If you’re someone who frequently experiences anxiety, chances are you already know that breathing can play a big role in bringing you back into the present, essentially calming you down. But did you know there are all kinds of different breathing techniques you can use to do so?
One of them becoming increasingly popular of late is the hummingbird breathing technique, also referred to as bhramari breathing, bhramari pranayama or bee breathing.
“I recommend hummingbird breathing as a technique to support falling to sleep, however, you can also use it to calm yourself during times of stress or anxiety, such as dealing with something bad at work,” says Dr Carmel Harrington, Sleep Doctor and ambassador for In Essence. “It is also useful in meditation.”
So, how do you practice hummingbird breathing? Though it can be practiced anywhere, ideally, you’ll be seated comfortably on the floor, cross-legged and with hips elevated on a cushion or blanket. Once you’re seated, close your eyes or lower your gaze, become aware of your surroundings — the feel of your legs on the ground or cushion — and lengthen through your spine and open your chest.
Then, relax your face and jaw, gently close your lips and start breathing in and out through your nose. While there are various finger placements, you can simply place both of your index fingers inside each of your ears, place your index fingers on your forehead above your eyebrows, while your middle and ring finger cover your eyes or you can place your index and middle finger over your eyes and your ring finger under your nose.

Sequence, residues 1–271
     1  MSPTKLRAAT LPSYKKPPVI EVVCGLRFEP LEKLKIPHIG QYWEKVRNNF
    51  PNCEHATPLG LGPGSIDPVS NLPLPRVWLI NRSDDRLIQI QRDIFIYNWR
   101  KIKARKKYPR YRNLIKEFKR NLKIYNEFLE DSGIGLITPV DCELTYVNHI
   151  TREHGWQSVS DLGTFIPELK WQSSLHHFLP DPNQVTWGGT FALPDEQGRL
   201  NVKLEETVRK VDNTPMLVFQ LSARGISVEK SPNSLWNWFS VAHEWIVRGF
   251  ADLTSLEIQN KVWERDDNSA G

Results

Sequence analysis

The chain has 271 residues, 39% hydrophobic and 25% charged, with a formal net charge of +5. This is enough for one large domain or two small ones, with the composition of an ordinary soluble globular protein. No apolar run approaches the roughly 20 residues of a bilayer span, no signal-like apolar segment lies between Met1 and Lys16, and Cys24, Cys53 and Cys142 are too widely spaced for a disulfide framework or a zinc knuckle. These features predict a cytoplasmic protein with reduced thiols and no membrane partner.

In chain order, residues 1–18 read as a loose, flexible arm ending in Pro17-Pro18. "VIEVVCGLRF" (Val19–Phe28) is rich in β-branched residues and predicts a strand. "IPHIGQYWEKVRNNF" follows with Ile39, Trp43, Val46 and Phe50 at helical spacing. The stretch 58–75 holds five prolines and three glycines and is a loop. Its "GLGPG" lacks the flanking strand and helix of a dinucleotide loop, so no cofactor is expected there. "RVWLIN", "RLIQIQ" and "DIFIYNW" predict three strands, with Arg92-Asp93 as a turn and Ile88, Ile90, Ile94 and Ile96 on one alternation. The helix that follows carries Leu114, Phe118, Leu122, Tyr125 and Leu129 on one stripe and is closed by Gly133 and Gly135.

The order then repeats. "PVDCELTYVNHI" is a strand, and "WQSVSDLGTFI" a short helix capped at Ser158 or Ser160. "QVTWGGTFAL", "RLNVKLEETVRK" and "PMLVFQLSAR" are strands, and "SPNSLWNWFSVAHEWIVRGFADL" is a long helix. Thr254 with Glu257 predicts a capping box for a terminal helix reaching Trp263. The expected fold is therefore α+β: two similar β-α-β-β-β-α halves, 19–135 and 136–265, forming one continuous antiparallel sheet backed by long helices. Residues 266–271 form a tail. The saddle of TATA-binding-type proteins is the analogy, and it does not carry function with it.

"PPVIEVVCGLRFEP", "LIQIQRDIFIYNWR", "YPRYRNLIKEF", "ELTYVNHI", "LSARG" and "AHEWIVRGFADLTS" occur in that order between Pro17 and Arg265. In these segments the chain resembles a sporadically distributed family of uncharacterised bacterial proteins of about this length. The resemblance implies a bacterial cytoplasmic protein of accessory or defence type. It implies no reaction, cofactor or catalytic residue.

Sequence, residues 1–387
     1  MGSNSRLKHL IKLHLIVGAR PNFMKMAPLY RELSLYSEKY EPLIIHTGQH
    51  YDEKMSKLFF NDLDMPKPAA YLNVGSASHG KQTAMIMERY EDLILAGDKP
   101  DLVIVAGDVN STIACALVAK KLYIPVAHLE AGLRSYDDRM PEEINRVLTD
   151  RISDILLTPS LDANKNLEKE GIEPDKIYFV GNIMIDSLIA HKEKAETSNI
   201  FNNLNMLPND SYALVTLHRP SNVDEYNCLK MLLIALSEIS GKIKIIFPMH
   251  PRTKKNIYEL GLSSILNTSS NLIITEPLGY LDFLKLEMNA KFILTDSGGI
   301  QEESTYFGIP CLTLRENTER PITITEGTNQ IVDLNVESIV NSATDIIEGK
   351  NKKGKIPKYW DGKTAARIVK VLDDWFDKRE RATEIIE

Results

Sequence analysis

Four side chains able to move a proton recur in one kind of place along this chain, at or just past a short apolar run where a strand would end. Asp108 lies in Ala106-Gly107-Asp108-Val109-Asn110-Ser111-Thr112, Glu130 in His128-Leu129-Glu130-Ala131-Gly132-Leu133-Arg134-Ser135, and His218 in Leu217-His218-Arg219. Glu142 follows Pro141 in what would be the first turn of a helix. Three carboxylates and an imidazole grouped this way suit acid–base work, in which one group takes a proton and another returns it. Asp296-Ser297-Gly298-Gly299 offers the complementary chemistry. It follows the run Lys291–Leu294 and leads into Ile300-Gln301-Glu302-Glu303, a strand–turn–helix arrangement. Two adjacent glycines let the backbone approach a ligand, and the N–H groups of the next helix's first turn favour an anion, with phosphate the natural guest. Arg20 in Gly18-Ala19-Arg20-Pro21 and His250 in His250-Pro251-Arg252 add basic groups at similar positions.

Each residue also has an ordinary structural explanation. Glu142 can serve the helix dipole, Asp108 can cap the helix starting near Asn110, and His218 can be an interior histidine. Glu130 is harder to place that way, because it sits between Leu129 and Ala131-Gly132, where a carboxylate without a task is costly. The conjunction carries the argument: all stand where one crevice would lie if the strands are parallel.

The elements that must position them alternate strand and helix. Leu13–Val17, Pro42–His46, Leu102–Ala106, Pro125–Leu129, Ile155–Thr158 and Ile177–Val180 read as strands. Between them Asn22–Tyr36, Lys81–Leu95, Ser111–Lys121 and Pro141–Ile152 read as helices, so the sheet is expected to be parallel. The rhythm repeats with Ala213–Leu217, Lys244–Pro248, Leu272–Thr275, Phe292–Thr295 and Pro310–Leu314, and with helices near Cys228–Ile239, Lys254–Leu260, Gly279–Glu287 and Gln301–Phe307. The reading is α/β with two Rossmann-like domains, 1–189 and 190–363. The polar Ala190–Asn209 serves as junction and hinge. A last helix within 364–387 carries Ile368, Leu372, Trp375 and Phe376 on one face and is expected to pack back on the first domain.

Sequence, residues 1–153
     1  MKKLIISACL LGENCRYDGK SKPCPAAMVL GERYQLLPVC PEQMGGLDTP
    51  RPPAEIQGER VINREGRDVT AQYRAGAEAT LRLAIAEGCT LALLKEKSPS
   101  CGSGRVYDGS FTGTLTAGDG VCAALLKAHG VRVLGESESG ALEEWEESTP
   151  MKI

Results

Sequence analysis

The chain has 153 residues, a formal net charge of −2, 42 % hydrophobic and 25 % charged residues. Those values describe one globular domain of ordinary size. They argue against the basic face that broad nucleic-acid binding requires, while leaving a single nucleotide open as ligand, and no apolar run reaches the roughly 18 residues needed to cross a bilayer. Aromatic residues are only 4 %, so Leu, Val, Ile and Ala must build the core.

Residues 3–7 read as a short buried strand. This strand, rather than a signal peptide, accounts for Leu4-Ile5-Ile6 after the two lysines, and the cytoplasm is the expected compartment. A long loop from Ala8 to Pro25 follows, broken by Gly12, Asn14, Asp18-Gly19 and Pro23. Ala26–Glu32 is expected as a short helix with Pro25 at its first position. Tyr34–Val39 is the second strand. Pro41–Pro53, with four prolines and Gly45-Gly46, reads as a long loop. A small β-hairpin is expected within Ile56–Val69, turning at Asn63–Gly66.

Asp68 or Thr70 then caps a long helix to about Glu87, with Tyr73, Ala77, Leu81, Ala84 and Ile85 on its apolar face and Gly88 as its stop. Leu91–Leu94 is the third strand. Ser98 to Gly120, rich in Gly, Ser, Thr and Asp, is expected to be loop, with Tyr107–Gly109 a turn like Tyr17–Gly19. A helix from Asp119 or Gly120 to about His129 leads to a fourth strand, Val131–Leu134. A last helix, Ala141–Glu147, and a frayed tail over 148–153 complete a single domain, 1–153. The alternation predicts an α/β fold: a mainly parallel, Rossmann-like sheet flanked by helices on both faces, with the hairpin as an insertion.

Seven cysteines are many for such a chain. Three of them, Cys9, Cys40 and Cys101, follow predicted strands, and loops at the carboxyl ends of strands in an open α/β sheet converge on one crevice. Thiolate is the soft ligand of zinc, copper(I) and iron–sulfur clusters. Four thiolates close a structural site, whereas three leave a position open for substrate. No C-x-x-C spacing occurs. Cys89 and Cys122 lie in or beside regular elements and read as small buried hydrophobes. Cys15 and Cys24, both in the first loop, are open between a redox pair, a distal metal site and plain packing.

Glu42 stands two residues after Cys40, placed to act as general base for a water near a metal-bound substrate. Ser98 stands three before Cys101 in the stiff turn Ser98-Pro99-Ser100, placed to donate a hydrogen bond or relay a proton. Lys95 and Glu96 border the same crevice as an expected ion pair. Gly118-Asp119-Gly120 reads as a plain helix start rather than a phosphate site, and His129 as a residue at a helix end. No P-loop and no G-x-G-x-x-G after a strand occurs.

Place both of your index fingers inside each of your ears, then inhale through your nose and then slowly exhale through your mouth making a humming or buzzing sound, either out loud or in your mind, gently pushing on your cartilage as you do.
Go for six cycles of breath or however long it takes for your body to feel relaxed and your mind to quieten. When you feel you’ve calmed down, keep your eyes closed and observe the sensations in your body and the stillness in your mind.
“When you are anxious, your breathing rate goes right up to ten or twelve breaths per minute,” says Dr Harrington. “If you do the hummingbird breathing, you’ll find after a minute or so, it goes down to six or seven. Your blood and heart rate go down and you can think better.
“When your breathing rate is high it is sending a crisis mode message to the prefrontal cortex of the brain, shutting down good decision making. Slow down fight and flight mode by employing the hummingbird breathing technique as it tells the brain to slow down in times of crisis. You should feel calmer after having practiced it, thus better able to relax and get to sleep.”
Why the humming or buzzing, you ask? Basically, we hum when we’re happy. In this technique, we’re doing the reverse — humming to make ourselves reach that state of contentment. So, next time you’re feeling anxious or can’t get to sleep, why not try giving it a go?